India’s moon lander and rover are about to wake up from a nearly month-long nap as the sun rises on the moon again

India’s moon rover, Pragyaan, made history as the first to explore the lunar south pole.

Indian Space Research Organization

India’s moon rover and lander are set to wake up after a nearly month-long nap.
India’s space agency said it hoped they’d awaken on September 22.
Both robots run on sunlight, and September 22 is when the next lunar day starts where they are.

Right now, there are two historic robots fast asleep near the moon’s south pole — India’s Chandrayaan-3 moon lander and its adorable sidekick lunar rover.

But nap time is nearly over — hopefully. 

The two robotic explorers are set to wake up around September 22, according to the Indian Space Research Organization, which landed them on the moon in a historic first in August.

Both ISRO’s Vikram lander and Pragyan rover run on solar power. Therefore, they need sunlight to charge their batteries and operate their scientific instruments.

They went to sleep in early September because night set in and their batteries drained.

“The solar panel is oriented to receive the light at the next sunrise expected on September 22, 2023. The receiver is kept on,” ISRO wrote on X, formerly Twitter.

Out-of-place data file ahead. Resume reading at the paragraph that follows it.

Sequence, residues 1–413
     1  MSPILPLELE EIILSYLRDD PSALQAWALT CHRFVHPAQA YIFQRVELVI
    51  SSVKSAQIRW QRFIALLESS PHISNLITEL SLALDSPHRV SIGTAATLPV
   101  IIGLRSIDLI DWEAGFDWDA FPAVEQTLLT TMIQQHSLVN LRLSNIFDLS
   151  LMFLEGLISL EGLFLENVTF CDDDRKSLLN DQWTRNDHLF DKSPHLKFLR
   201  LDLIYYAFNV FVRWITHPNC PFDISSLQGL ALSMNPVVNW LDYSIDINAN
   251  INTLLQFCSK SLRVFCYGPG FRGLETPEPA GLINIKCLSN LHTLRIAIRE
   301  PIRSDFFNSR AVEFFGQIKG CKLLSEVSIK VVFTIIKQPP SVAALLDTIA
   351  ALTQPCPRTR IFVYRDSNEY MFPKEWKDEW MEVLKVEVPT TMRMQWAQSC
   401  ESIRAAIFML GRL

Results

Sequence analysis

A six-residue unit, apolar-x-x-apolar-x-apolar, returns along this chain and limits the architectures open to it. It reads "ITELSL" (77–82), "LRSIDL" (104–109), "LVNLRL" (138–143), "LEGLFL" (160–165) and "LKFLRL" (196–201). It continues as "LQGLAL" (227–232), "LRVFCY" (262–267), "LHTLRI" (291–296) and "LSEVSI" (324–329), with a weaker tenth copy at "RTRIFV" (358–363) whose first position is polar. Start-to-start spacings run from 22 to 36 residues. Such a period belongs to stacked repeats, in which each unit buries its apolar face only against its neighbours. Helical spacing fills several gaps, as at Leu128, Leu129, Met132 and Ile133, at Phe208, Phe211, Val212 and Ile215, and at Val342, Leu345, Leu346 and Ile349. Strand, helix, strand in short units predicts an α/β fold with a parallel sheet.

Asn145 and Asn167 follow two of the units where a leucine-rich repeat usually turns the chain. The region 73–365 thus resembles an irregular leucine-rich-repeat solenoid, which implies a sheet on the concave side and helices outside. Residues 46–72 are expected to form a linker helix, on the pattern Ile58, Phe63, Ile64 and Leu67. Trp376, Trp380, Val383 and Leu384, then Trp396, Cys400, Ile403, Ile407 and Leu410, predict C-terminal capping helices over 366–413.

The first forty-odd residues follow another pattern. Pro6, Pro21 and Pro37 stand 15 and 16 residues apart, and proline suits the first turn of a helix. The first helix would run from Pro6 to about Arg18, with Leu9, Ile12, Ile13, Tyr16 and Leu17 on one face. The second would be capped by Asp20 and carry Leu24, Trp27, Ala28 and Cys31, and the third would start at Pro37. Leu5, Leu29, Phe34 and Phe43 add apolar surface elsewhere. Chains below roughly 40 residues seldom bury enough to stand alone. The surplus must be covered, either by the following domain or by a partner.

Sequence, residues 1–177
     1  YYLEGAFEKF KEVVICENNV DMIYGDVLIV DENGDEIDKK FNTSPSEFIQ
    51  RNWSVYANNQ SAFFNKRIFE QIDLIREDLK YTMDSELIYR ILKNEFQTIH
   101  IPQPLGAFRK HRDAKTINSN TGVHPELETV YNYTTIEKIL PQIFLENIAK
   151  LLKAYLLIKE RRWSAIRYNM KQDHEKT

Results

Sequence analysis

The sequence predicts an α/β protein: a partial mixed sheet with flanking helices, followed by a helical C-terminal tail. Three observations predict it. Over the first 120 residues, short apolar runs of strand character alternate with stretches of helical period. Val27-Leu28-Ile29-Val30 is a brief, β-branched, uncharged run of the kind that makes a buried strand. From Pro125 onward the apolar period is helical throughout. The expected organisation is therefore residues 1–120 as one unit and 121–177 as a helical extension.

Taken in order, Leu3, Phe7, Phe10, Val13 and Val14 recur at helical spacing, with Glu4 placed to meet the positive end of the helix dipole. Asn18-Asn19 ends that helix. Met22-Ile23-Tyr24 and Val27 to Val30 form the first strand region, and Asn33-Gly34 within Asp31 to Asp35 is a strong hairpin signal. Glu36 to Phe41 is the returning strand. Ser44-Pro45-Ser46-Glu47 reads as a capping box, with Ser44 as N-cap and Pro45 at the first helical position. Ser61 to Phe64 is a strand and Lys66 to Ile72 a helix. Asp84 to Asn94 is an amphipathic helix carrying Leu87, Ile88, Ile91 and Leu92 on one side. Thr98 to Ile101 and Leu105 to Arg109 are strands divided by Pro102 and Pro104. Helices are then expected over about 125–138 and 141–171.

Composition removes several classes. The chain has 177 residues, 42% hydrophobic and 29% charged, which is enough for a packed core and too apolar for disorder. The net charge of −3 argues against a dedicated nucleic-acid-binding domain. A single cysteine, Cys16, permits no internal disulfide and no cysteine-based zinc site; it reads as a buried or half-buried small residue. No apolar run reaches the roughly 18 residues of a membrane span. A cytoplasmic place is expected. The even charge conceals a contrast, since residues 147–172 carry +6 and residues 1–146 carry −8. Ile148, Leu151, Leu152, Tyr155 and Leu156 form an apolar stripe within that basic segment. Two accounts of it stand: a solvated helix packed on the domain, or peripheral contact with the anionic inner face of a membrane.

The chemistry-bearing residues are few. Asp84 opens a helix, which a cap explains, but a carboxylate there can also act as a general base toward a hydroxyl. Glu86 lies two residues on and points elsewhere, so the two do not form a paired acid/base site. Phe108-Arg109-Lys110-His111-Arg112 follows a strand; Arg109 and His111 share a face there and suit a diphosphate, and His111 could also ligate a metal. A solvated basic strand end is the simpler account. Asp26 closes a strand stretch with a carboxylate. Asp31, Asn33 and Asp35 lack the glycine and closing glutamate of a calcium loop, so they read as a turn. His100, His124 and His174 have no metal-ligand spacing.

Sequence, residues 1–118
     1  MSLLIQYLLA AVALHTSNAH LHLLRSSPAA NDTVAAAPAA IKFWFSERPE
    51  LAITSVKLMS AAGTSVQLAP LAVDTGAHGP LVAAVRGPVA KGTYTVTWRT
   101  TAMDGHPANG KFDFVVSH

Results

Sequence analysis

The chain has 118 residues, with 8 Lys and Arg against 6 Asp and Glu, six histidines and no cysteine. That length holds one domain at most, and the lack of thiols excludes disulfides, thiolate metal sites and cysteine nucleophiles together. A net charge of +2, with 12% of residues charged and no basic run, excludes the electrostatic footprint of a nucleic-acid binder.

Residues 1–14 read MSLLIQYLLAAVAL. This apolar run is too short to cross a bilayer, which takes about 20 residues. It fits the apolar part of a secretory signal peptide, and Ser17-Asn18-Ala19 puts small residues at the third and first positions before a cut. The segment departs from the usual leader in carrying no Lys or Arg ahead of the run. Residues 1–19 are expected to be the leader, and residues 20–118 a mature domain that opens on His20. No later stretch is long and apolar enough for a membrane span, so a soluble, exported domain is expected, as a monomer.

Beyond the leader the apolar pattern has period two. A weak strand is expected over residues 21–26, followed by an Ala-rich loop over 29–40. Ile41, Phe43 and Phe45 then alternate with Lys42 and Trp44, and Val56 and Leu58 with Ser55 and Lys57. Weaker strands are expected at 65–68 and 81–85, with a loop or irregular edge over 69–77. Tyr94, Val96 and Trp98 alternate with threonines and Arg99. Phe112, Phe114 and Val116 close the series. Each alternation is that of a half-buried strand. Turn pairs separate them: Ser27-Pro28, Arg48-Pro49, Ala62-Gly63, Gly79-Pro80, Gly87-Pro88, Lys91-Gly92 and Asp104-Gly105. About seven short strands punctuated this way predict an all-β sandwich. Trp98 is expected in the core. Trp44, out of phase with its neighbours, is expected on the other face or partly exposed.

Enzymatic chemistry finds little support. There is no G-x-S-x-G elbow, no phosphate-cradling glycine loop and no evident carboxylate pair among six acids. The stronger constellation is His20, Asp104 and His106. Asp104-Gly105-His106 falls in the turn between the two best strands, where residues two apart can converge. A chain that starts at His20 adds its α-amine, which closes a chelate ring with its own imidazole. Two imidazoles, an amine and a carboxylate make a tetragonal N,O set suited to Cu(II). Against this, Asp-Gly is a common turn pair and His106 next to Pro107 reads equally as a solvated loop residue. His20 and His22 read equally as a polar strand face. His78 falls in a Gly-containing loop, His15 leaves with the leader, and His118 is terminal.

However, despite high hopes, there is a chance the historic robots won’t wake up.

Nighttime temperatures on the moon can dip to as low as -334 degrees Fahrenheit, according to NASA, and India doesn’t have access to technology that can withstand such cold, Pallava Bagla, an author who has written about India’s space exploration, told Al Jazeera.

Chandrayaan-3 mission complete

India’s Chandrayaan-3 Vikram lander on the moon.

ISRO

Even if ISRO’s lunar lander and rover don’t wake up, the robots have already done what they were designed to do — explore the lunar south pole region for the first 14 days after touchdown. 

Within just those two weeks, the two robots made some important scientific discoveries. For example, the moon rover confirmed the presence of sulphur in the lunar south pole region.

Moreover, preliminary analyses suggested the presence of aluminum, calcium, iron, chromium, titanium, and a possible moonquake.

India is the fourth country — after the US, Russia, and China — to land on the moon, and the first to ever land near the lunar south pole

The lunar south pole region is of particular interest because it contains water ice. Water ice, or H2O, could eventually be mined and broken down into oxygen for breathing as well as hydrogen and oxygen for rocket fuel. 

India’s lunar lander and rover are the first to study the south pole region up-close and sample it directly. So their reawakening is of great interest to scientists as well as companies who want to build a base on the moon

“So far, all margins are looking good and we are confident of the lander and rover coming back to life when night ends,” mission operations director M. Srikanth told The Times of India. “If that happens, that will be a bonus and in case that cannot be achieved, the mission is still complete.”

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